• This comment has been flagged by the community. Click here to show it
    identicon
    Anonymous Coward, 7 Apr 2020 @ 4:57am

    Why are you posting an article on a four day old event that if you had been paying attention you would have known about on Friday night?

    reply to this | link to this | view in chronology ]

    • icon
      Stephen T. Stone (profile), 7 Apr 2020 @ 5:03am

      Because Techdirt doesn’t operate on your schedule.

      reply to this | link to this | view in chronology ]

    • identicon
      Rocky, 7 Apr 2020 @ 8:40am

      Whut?

      Perhaps he wanted to research and verify the particulars of the story before posting? You know, like you are supposed to do unless you are only interested in click-bait articles.

      reply to this | link to this | view in chronology ]

    • icon
      Mike Masnick (profile), 7 Apr 2020 @ 10:04am

      Re:

      Because as stated in the fucking article, the administration did it on a Friday night to hide it and bury it in the next week's news cycle. It seemed important for us to remind people that this happened this week so it's not forgotten.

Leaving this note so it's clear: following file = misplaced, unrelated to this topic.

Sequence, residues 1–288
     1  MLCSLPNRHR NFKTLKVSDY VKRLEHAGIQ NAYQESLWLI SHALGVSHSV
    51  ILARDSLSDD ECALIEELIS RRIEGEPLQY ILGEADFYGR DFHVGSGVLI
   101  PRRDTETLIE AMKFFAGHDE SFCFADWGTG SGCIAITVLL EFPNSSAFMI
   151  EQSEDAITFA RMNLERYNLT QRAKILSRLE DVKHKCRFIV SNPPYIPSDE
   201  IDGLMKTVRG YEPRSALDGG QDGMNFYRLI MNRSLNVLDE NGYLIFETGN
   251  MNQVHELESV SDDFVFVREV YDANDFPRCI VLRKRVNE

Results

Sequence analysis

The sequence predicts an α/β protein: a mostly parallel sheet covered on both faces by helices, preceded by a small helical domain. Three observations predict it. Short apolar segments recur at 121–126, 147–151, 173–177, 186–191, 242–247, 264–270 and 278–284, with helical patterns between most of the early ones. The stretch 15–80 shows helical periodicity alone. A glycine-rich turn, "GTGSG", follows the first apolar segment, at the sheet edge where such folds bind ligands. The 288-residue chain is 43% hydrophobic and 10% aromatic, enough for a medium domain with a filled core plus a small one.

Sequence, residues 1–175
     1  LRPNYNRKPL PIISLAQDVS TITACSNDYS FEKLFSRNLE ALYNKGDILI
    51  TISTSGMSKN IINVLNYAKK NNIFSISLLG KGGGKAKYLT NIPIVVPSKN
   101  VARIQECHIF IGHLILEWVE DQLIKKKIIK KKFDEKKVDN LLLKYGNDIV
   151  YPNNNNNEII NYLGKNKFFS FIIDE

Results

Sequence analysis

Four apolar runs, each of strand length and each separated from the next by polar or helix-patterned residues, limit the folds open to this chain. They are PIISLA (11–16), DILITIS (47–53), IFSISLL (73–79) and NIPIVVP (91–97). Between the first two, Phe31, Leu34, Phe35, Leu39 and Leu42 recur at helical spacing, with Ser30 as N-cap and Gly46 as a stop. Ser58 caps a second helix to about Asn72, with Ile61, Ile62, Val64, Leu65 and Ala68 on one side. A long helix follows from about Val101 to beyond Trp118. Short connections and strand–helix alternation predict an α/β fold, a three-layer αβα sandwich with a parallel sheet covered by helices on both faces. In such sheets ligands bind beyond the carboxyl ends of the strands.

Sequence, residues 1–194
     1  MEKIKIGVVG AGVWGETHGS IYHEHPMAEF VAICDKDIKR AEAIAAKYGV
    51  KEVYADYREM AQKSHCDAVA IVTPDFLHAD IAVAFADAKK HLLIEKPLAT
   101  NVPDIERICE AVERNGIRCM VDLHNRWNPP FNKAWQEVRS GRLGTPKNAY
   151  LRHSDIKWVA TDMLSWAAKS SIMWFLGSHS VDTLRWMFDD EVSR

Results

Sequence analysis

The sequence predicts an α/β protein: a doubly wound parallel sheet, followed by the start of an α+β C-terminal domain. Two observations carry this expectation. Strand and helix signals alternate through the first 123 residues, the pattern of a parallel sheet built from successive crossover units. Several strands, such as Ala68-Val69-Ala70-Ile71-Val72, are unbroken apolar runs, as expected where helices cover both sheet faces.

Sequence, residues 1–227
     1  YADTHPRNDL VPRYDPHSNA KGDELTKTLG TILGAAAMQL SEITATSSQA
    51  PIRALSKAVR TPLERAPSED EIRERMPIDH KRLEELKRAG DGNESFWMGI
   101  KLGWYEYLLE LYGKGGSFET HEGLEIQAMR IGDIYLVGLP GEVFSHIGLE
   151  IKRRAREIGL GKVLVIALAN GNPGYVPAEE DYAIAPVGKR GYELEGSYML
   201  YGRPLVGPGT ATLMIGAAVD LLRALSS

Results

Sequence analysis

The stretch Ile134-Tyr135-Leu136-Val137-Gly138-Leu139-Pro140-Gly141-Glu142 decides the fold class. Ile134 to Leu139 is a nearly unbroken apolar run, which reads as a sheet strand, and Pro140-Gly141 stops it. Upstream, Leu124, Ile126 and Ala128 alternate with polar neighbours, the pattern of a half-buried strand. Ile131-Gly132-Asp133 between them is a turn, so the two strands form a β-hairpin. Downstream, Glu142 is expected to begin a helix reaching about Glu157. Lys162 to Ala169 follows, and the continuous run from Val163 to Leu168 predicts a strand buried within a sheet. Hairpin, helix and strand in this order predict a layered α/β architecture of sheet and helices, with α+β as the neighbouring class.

On top of that, we've always said that we don't write about the news so quickly because we want to have the time to research and investigate things and we publish when we're ready to do so.

      https://www.techdirt.com/articles/20180810/17491840412/defense-slow-news.shtml

      reply to this | link to this | view in chronology ]

      • identicon
        Anonymous Coward, 7 Apr 2020 @ 2:47pm

        Re: Re:

        Because as stated in the fucking article, the administration did it on a Friday night to hide it and bury it in the next week's news cycle.

        It's ridiculous that this still works so well. In a world where thousands of news outlets want to report the story first, how have so few taken advantage of those two days with no real competition? We know people are paying attention on weekends; entire Twitter scandals have erupted and ended in that time.

        reply to this | link to this | view in chronology ]

  • This comment has been flagged by the community. Click here to show it
    identicon
    employee, 7 Apr 2020 @ 5:21am

    subserviant worker

    Hey, if you say bad things about the boss who can make decisions to hire and fire, then you had better say nice things that don't get him in to trouble or you are fired. Probably now knows what not to do but a bit late. Too bad so sad.

    reply to this | link to this | view in chronology ]

    • icon
      Stephen T. Stone (profile), 7 Apr 2020 @ 5:27am

      If telling the truth about your boss can get you fired, you’re being fired not for telling the truth, but because the boss didn’t want you telling the truth to anybody. That should tell you a lot about the ethics of your boss — and your own ethics, if you choose to play along, and especially if playing along puts lives (including yours) at risk of injury or death.

      reply to this | link to this | view in chronology ]